Wednesday, October 28, 2009

The Curl Whisperer on Protein Treatments

For porous or damaged hair, protein treatments are often prescribed. But sometimes there is some confusion about the different types and forms of protein. There is keratin, eggs, silk protein, re-constructors, etc. Some products are called "light" protein treatments, while others are labeled "intensive." Just what is the difference in terms of the effect on the hair? And how do you know exactly how much you need?

First of all, any protein that is animal-based or that has the prefix "hydrolyzed" in front of it is a stronger protein; those such as natural "wheat" or "soy" are the proteins that are lighter. "Keratin" is the natural protein from which your hair is made. Your hair's condition and texture is a great baseline to determine how much and what type of protein you need. If you want to add protein simply because you have a fine texture and you need the extra support, a light protein treatment is fine. If, however, you have damage from sun, chlorine or chemical processes, a heavier protein reconstruction will then be necessary for any real effectiveness.

Another question I've been asked in the past about protein treatments: is it true that some protein has molecules small enough to penetrate the hair and be more effective and, if so, what kind of protein is that?

Proteins with smaller molecules are not necessarily more effective than those with larger molecules. While it's true smaller molecules can penetrate into the cortex--or inner layer of the hair--more easily, this really only becomes a consideration when you are effecting a chemical change in the hair, such as with color or texturizing. Proteins with larger molecules may take a slightly longer time to penetrate into the cortex, but they will be just as effective as those with smaller molecules once they get in there.

It is also vitally important you pay attention to your hair's texture when deciding to do a protein treatment. Fine hair is a hair type that typically needs more protein on a regular basis since it is fragile and doesn't have the support and structure of other hair types. If you are fine-haired, incorporating a protein pack or daily light protein into your routine is a good idea.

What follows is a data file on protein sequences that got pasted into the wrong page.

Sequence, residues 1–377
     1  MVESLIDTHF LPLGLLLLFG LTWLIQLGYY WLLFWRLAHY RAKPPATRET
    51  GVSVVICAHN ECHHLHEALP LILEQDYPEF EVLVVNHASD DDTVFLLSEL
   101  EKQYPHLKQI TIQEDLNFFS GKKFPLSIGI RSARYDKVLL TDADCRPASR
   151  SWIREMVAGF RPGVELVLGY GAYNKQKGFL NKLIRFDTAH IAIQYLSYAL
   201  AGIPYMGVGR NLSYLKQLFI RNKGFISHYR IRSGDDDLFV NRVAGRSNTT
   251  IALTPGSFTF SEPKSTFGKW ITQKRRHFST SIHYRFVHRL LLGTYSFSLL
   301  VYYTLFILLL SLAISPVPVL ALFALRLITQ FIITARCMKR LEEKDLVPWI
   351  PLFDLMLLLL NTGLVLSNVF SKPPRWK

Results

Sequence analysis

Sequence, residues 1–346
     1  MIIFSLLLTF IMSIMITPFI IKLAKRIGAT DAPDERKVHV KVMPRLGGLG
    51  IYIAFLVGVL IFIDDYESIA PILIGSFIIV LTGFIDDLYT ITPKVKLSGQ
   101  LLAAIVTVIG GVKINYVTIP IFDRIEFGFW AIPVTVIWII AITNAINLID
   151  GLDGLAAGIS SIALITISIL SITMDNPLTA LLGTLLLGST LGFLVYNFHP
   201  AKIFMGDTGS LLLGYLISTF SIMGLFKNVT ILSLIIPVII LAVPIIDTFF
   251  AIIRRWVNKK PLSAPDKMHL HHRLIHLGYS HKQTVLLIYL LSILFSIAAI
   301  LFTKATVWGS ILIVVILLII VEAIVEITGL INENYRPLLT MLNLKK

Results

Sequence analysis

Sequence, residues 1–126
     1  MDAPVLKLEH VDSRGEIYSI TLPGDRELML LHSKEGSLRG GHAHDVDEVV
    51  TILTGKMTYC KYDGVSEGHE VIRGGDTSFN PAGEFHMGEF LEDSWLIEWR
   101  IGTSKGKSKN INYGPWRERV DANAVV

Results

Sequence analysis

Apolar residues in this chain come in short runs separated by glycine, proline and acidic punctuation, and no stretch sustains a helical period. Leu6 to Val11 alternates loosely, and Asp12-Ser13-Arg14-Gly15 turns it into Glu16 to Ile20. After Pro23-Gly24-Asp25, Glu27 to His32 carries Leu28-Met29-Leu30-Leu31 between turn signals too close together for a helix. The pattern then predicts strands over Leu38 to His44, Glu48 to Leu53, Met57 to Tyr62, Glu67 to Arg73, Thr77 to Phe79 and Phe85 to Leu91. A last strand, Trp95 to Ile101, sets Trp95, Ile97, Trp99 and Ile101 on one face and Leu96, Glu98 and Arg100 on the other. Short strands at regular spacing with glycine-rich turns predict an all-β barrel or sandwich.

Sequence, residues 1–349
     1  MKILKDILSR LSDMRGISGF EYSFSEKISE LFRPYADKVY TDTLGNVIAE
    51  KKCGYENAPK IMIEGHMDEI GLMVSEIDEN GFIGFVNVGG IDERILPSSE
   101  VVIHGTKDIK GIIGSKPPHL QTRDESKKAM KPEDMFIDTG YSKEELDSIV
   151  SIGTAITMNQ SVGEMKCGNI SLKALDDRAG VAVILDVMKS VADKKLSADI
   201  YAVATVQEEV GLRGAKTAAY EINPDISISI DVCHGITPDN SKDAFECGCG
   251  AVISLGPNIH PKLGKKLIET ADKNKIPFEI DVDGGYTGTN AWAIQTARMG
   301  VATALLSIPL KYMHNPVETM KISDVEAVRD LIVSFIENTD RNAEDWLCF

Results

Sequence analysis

Not so for coarse hair, however. Coarse hair has so much protein in it naturally, applying any product with protein on top of it can spell disaster--resulting in a strawlike, wicked dry mess. Protein-free deep treatments with a heavy emollient base, which we will address in a future article, are a far more effective treatment type for those with coarse hair!


Sarah said...

I asked my hair stylist what my porosity was and he said something about moisture? I didn't follow it but he said since I live in Louisiana it is humid here so proteins don't really help? He was very vague about it and changed the subject, so I never found out what he thought it was.

StruttsWife said...

Honestly, I have to wonder if some stylists have the same cosmetology license I do.

Protein effectiveness has nothing to do with relative or absolute humidity. Protein has everything to do with the texture of your hair: whether it is fine, medium or coarse. Fine-haired girls (and guys) with curls always need the support provided by additional protein in products.

Porosity is your hair's ability to absorb and retain moisture. You may have issues with humidity if your hair is overly porous, i.e., the cuticle is permanently raised, leaving you unable to retain moisture.

Protein actually can be helpful to highly porous fine hair in humid conditions by sealing the gaps left in the cuticle caused by high porosity. That way, your hair shaft doesn't swell and bloat as much in a high humidity atmosphere.

As always, coarse-haired curlies should avoid protein and use ACV rinses to close the cuticle instead.

Sarah said...

Thanks so much for clearing that up! He also said something about wax build up and did this thing where he ran the scissors up and down on my hair but not cutting it then showing me the blade and sure enough there was some white stuff he scraped off. Iv'e never heard of it before.

StruttsWife said...

If you use Pantene or any other kind of product that contains wax, it is indeed possible to scrap the wax build-up off the hair shaft with the shears blade. I've done it myself as a demonstration on more than one occasion!

Sarah said...

Well good thing my stylist and the curl whisperer have something in common! Thanks for your help!

MamaDawn said...

I have just starting going no-poo. I'm still looking for the best condish for my hair and wanted to try the protein treatment you have in you e-book. It says to cleanse after, can I use baking soda and follow that with an ACV rinse? Or does it need to be sulfate-free shampoo?

If I would need to use a sulfate-free shampoo how far up on the ingredents should I look for protein on a deep treatment? I think my hair is med to fine and med to low porosity.

Chrissystina said...

I am scared to do protein treatments because my hair is so fine, but maybe I will try soy or wheat, which may be more "light" as you said.

What do you think of Giovanni Protein treatment?

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